Here are five takeaways from the Maple Leafs' 5-4 overtime loss to the Ottawa Senators Wednesday at Canadian Tire Centre:
Matthews sets modern-day record in NHL regular-season debut. Along with teammates Mitch Marner and Nikita Zaitsev, rookie centre Auston Matthews was competing in his first regular-season NHL contest, and to say he had a memorable debut is an understatement in the extreme. The 19-year-old set a modern-day league record by scoring four times in his first game - twice in each of the first two periods - and helping his team to their first win of the year.
Of course, Matthews isn't going to produce that incredible amount of offence every night and it's unfair to expect him to carry the team on his back, but this was a magical evening where he benefitted from a combination of hard work in all zones, solid play from his teammates, and fortunate puck bounces. With his parents happily looking on from the Canadian Tire Centre stands, Matthews gave everyone in Leafs Nation a night that won't be forgotten.
Defensive zone play still a work in progress for Leafs. Matthews' first goal of the night gave Toronto a 1-0 advantage at the 8:21 mark of the opening period, but the Senators stormed back to take the lead with two goals in the next three minutes to take a 2-1 lead. Matthews' next two goals (at 14:18 of the first, and 1:25 of the second) put the visitors back on top, but Derick Brassard's first goal as a Senator pulled Ottawa even at the 17:52 mark. And although Matthews scored his record-breaking fourth with just three seconds remaining in the middle frame, the Sens evened the score at four goals apiece on Kyle Turris' first of the season at 6:45 of the third period.
The Buds had lost veteran blueliner Matt Hunwick early in the game after a hit from Senators winger Chris Neil, but that can't serve as an excuse for some of the defensive breakdowns the Leafs experienced Wednesday. They've got a young defense corps, but Toronto can tighten up their play through the neutral zone and in their own end, and that includes the play of goalie Frederik Andersen.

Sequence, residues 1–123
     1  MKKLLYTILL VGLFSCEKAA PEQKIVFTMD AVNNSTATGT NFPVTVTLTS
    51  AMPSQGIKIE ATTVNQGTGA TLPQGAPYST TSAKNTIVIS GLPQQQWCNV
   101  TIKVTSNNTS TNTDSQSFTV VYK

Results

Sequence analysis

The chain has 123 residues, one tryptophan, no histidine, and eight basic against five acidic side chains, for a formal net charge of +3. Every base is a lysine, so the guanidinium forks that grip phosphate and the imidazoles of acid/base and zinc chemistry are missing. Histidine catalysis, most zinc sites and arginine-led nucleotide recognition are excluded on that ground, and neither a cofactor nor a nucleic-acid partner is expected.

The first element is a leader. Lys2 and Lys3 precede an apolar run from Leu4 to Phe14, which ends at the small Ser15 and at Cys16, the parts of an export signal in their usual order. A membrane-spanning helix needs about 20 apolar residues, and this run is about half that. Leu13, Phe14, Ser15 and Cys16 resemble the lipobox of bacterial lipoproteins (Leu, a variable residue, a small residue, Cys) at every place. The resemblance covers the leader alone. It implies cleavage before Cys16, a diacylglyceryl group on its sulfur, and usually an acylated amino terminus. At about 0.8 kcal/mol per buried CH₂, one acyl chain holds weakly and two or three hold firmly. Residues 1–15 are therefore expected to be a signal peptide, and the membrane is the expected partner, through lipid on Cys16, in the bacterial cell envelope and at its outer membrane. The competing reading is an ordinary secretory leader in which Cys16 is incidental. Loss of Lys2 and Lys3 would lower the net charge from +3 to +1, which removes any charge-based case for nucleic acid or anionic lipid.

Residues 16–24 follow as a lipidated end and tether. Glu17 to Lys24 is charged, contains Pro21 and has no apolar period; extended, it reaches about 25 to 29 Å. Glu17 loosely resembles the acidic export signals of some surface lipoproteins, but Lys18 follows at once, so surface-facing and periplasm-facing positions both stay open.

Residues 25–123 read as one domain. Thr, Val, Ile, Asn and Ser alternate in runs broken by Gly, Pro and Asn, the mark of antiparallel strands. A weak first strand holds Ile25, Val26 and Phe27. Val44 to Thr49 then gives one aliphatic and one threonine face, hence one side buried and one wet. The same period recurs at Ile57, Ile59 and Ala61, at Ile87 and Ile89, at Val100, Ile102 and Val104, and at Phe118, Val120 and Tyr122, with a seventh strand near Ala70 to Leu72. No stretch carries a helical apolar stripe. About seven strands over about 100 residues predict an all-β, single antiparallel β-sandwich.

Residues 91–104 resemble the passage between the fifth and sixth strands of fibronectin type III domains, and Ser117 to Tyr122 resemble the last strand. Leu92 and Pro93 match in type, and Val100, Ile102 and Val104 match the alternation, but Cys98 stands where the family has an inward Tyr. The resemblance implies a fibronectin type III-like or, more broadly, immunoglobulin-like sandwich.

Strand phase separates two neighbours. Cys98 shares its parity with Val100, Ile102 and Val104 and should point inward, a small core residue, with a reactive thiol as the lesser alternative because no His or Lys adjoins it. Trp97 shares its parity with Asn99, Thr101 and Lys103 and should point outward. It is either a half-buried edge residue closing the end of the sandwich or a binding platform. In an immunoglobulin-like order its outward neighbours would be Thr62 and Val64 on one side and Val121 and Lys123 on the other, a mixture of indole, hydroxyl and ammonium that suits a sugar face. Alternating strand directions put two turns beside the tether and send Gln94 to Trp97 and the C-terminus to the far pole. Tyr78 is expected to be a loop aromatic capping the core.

Despite pushing Sens with quality possession and pressure, power play prowess not there for Toronto. The Leafs used their speed and puck poise to keep the Sens on their heels for much of the game, and Toronto outshot Ottawa 38-29 through the end of regulation time while forcing the Senators into giving them four power play chances. Unfortunately, the Buds were unable to convert on any of the four man advantages, and the Sens pulled out the overtime victory when Turris scored his second of the night just 37 seconds into the extra frame.
Granted, Ottawa goalie Craig Anderson was stellar a number of times in keeping the Leafs from running up the score, but the NHL remains a league in which you need your special teams to be functioning at high levels, and on this night, Toronto's power play unit was not at its best.
Marner, Zaitsev also look good in first regular-season NHL game. Although Matthews made headlines on the scoresheet, Zaitsev and Marner both looked like they belonged at the NHL level as well. Zaitsev amassed 23:57 of ice time - second only to fellow blueliner Morgan Rielly (25:45) on the team - and had three shots on net; and Marner logged 17:36 - second only to Matthews (17:37) among Leafs forwards - while finishing tied with Matthews for the team lead in shots on net, with six.
All things considered, it was an impressive night for Toronto's youngsters, and an encouraging harbinger for the months and years ahead.
We can't forget about Matthews' linemates. It wasn't only a good night for the Leafs' first-timers club - Matthews' linemates, wingers Zach Hyman and William Nylander, also chipped in on offence: Nylander registered his first two assists of the season, while Hyman played his typically hard-nosed style and added an assist of his own.
The trio clearly have chemistry, and though Nylander and Hyman are much more familiar with each other thanks to their full season with the Marlies last year, Matthews has the puck sense and vision to complement what they bring to the table. It's thrilling to watch them with the puck, and as they learn to hone their all-around game, they have the potential to evolve into a fearsome line.